Bob Johnson loved baseball and Tacoma enough to help keep them together in 1972. He was one of fewer than 20 businessmen who stepped forward that year and invested $5,000 with Stan Naccarato to save the Rainiers.
That was 11 years after Johnson brought his family into the mix.
“Dad bought season tickets at Cheney Stadium in 1962,” said son Clif. “I’d have been 4 or 5 when he bought them. At one point, we had six tickets. Now, we’re at four.”
Bob Johnson, who died a decade ago, passed the tickets on to Clif and his family. Clif’s wife, Jill, says she can remember sharing her two pregnancies — and the children they produced — with fellow season-ticket holders.
“I was pregnant with my oldest daughter, Hannah, all through the 1984 season,” Jill said. “When I gave birth in August, Hannah’s first game was eight days later. She got passed around a lot that day.
“It was the same with my other daughter, Kjersti. She was at a game 14 days after she was born. We go to games now, there are just so many wonderful memories. And we take Clif’s mom 10, 12 times a year.”
The seats Bob Johnson first bought more than 50 years ago remain the same today — six and seven rows up from the first-base dugout, section 122. All around them the past few years, seats have been made part of the Tacoma Rainiers Summit Club.
Owned mostly by businesses, Summit Club seats are more expensive than box seats, but they have the perk of free beer and hot dogs.
It has changed the dynamic of those fans seated around them, the Johnsons say.
“Businesses give the tickets to employees or customers, who come out one time and enjoy the free beer and snacks,” Jill said. “Some of them don’t know baseball, aren’t fans and won’t be back. We’re there every night.”
And, Clif said, he probably spends more at Cheney each night than those with the higher-priced Summit Club.
“They get free beer and snacks,” he said. “We buy dinner there.”
None of that is a big deal to the Johnsons, they say. What shocked them this month was getting their ticket renewal package from the Rainiers.
“Our tickets went from $1,152 apiece last season to $1,620 each for next year,” Clif said. “That’s a jump of about 41 percent. When we asked about it, they suggested we switch to reserve boxes higher up in the stands.
“I’m not crying poverty — I can write the check. It just doesn’t seem the way to treat someone who’s been as loyal a customer as the family has been.”
Rainiers President Aaron Artman understood the Johnsons’ surprise.
“We have about 60 seats down there that have been grandfathered in, and they do have new pricing for next year,” he said. “They have the option to stay in that seat at the new price or join Summit Club.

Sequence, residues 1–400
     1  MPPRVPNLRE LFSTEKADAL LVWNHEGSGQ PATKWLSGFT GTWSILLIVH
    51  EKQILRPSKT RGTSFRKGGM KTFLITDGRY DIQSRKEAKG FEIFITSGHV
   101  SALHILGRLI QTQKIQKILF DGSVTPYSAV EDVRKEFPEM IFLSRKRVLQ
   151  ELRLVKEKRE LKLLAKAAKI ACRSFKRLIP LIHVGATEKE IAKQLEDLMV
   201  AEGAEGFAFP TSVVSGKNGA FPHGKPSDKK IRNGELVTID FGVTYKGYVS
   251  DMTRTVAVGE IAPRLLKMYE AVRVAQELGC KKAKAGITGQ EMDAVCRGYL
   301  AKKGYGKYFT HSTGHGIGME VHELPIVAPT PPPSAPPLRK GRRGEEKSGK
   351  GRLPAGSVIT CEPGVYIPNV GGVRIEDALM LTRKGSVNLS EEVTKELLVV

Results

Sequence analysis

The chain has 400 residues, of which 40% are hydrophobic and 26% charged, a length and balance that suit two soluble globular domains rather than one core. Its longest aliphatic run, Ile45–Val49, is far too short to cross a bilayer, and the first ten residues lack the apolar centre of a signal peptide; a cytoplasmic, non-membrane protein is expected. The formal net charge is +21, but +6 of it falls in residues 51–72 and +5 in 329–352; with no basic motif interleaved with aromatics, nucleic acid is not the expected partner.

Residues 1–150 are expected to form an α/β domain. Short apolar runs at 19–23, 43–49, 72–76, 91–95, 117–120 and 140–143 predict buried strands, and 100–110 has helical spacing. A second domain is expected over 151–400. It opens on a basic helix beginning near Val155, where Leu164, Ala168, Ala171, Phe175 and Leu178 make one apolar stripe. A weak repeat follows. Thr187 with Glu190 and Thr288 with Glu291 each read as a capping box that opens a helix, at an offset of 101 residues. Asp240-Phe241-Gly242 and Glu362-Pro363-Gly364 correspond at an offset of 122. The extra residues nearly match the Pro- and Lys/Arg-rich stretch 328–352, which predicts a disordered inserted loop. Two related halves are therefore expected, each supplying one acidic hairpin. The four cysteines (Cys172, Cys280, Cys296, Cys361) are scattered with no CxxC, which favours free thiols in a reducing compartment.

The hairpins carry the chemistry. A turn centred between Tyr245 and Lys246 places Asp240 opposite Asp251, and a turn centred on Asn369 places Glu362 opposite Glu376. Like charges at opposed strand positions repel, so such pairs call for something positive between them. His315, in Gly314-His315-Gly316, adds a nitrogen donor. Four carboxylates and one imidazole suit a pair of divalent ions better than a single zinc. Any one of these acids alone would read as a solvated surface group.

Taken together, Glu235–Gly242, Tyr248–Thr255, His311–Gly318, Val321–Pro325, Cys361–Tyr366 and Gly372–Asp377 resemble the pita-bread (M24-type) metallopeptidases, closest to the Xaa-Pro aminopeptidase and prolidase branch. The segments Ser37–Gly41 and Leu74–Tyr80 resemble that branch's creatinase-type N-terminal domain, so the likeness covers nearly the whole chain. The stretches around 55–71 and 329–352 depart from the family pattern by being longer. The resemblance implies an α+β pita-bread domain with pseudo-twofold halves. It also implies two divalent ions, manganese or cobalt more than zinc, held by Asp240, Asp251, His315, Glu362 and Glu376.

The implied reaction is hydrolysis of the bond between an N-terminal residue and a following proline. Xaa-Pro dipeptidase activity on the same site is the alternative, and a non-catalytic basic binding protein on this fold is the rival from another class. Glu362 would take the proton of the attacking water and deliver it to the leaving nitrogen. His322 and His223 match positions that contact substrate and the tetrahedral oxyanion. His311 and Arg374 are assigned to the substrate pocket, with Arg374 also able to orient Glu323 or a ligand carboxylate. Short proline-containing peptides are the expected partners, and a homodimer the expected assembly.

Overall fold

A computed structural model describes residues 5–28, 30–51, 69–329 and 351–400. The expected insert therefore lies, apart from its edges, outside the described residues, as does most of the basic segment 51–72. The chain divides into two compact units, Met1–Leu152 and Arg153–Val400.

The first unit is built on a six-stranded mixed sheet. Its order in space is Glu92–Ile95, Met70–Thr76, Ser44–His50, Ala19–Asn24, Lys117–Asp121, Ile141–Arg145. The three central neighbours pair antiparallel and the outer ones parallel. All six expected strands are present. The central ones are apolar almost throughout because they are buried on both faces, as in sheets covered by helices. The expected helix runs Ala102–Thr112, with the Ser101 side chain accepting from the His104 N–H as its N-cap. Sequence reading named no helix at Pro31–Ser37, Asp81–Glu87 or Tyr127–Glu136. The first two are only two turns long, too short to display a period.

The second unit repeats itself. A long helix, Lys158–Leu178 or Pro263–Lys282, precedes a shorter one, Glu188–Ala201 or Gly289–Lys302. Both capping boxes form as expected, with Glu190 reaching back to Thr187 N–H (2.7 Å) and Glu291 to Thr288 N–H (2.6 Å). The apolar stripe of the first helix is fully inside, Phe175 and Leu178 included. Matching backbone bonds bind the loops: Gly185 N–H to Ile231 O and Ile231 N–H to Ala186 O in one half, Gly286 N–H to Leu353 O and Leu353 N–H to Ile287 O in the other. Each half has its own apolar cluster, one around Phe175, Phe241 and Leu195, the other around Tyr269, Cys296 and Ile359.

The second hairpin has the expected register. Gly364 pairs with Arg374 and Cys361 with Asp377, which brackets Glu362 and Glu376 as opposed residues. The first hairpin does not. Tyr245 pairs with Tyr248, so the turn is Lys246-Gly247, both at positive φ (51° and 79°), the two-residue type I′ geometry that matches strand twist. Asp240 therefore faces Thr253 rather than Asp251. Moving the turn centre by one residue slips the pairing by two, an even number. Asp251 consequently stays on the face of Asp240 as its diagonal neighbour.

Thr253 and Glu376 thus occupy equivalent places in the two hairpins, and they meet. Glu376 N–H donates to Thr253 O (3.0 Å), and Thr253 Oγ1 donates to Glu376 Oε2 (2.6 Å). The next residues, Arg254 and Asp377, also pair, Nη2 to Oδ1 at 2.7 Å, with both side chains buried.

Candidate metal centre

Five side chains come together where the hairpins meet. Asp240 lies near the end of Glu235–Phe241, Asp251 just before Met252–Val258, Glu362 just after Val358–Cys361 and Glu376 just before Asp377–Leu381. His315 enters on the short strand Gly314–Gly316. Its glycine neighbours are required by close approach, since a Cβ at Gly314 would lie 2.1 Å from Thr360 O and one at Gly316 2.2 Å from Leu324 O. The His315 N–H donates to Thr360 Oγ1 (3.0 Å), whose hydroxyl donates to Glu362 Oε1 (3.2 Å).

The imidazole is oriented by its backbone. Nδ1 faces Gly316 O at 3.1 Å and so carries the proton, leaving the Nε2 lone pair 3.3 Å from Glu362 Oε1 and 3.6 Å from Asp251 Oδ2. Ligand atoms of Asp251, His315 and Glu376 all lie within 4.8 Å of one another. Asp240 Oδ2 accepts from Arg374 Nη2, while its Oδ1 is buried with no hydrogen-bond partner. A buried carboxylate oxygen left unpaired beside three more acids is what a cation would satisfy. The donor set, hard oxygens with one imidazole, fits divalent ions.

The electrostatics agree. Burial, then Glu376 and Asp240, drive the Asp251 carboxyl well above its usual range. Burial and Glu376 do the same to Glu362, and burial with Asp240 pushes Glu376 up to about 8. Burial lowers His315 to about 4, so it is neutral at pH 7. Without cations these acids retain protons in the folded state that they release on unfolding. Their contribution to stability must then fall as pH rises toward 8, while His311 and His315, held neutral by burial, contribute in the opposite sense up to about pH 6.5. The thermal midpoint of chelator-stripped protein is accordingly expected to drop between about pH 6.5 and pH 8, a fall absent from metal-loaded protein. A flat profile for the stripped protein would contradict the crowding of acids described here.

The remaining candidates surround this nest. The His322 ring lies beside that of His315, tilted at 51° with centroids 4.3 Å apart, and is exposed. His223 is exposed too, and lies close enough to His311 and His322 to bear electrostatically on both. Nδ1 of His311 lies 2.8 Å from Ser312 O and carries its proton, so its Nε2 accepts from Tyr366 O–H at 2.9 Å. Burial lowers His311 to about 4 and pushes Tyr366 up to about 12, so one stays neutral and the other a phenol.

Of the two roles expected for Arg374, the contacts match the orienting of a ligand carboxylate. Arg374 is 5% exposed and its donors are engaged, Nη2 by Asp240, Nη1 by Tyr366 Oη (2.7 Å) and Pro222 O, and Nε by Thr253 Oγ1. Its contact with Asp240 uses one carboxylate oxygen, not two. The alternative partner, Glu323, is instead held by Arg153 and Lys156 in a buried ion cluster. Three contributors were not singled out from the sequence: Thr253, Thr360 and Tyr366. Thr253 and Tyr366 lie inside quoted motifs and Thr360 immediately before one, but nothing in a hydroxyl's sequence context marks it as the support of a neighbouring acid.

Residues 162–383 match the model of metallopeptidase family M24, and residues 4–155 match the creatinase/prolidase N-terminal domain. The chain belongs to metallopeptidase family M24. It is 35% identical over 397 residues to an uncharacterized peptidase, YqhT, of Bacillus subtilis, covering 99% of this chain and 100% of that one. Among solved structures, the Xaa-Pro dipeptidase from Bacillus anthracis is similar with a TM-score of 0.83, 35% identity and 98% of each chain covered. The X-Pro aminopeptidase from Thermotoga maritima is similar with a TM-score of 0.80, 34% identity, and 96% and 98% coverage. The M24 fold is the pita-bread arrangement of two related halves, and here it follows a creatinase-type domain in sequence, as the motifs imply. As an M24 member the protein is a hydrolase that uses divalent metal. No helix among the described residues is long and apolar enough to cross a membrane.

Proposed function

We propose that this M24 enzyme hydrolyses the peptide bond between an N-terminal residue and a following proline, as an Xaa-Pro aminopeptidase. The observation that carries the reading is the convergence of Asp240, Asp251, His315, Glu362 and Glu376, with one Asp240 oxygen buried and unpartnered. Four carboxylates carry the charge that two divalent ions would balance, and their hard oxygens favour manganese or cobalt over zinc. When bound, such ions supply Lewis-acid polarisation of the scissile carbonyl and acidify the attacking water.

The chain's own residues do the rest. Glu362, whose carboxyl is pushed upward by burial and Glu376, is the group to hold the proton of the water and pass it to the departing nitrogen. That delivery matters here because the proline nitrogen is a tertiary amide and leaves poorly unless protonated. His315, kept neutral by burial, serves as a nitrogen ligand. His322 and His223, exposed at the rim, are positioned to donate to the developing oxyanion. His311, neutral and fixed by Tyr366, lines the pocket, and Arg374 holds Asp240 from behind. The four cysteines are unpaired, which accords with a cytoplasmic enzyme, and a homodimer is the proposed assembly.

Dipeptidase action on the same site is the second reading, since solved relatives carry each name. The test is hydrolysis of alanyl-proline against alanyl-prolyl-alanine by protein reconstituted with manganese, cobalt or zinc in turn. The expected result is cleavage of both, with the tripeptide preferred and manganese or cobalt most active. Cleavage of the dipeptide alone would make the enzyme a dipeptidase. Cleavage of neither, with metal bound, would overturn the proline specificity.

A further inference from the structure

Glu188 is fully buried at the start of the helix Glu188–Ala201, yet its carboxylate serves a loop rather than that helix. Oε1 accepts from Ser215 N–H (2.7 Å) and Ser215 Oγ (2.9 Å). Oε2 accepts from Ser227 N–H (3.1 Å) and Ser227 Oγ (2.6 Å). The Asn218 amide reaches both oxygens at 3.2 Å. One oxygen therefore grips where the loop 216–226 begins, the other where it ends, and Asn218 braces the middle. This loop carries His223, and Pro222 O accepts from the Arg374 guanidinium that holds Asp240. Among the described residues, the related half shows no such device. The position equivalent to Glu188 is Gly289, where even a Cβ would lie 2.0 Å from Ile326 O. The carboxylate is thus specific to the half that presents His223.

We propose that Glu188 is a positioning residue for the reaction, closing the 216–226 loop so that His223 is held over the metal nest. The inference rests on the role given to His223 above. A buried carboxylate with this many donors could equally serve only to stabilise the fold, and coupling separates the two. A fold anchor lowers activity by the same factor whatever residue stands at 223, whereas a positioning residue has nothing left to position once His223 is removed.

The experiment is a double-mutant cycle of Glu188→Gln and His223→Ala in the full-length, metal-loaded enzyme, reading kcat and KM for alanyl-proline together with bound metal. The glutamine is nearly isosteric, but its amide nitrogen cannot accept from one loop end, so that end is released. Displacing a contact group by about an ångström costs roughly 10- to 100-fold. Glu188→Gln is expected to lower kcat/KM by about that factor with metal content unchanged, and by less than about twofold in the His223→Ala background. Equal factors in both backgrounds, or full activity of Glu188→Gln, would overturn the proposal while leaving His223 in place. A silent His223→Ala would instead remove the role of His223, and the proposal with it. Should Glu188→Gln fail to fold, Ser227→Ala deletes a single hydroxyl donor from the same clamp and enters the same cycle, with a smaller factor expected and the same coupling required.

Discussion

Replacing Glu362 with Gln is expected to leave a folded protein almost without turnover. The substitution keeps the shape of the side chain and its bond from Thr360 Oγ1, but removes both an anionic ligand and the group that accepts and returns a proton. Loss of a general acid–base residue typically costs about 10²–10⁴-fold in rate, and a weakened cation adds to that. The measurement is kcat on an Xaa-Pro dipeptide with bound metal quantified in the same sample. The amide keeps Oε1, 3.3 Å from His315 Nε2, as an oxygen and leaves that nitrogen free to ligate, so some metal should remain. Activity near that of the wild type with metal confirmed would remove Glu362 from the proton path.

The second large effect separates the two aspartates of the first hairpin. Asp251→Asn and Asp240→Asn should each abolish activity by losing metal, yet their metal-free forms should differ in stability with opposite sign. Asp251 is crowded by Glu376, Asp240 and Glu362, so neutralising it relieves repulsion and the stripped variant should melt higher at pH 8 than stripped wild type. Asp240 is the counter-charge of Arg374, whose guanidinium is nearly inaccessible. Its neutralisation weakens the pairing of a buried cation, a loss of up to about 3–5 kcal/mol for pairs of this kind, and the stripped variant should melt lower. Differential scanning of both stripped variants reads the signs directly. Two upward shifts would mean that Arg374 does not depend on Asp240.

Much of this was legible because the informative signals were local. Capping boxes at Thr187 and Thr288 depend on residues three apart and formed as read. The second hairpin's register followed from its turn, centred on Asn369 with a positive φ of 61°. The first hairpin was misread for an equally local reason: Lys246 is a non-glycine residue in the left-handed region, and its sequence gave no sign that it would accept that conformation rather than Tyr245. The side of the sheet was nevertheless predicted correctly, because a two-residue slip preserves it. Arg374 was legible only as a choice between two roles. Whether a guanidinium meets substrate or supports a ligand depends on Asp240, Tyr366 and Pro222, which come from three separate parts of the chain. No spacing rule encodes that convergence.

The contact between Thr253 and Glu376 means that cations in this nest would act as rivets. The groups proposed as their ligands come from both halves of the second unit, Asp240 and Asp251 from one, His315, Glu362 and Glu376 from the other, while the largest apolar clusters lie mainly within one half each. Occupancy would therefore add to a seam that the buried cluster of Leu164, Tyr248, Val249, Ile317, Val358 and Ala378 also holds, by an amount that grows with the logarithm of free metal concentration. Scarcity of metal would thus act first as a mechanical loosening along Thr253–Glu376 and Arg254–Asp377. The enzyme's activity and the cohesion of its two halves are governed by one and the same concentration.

“We have tons of people with a long history with us, just not many who haven’t joined the Summit Club.”
A Rainiers spokesman said the Johnsons and the others in their section haven’t had ticket increases in the three seasons since the stadium was remodeled, and are now catching up. He said Summit Club and Dugout Club ticket prices are also rising in 2014, though he didn’t have a percentage.
Do the Rainiers want season-ticket holders closest to the field to give way to Summit Club seats?
“If that was our thinking, we’d just make all those seats Summit Club, but we haven’t,” Artman said. “We love people who have been with us for a long time. They shouldn’t think of this pricing as a trend — we don’t want them out.
“We’re not sending a message,” he said.
Johnson, who lives in Gig Harbor and owns a metal-finishing business in Kent, can’t understand that.
“The people on our side feel the message,” he said. “I doubt anyone was not shocked by the 40 percent increase in pricing.”
The Johnsons say they’ll likely renew their seats, though maybe not all four. What they will not do is move into reserve seating, where the prices aren’t going up.
“After sitting close to the field all my life, I don’t want to sit 20 rows up and look down on the seats my family had for 50 years,” Clif said. “Our girls went with us to games most of their lives.”
Jill gets teary-eyed talking about it.
“The girls think of Cheney Stadium as home,” she said. “Clif’s dad had team jackets from the Tacoma Twins, Yankees, Tugs and Tigers. They’re some of our most prized treasures. He gave Clif, and us, the gift of baseball.”
Larry LaRue: 253-597-8638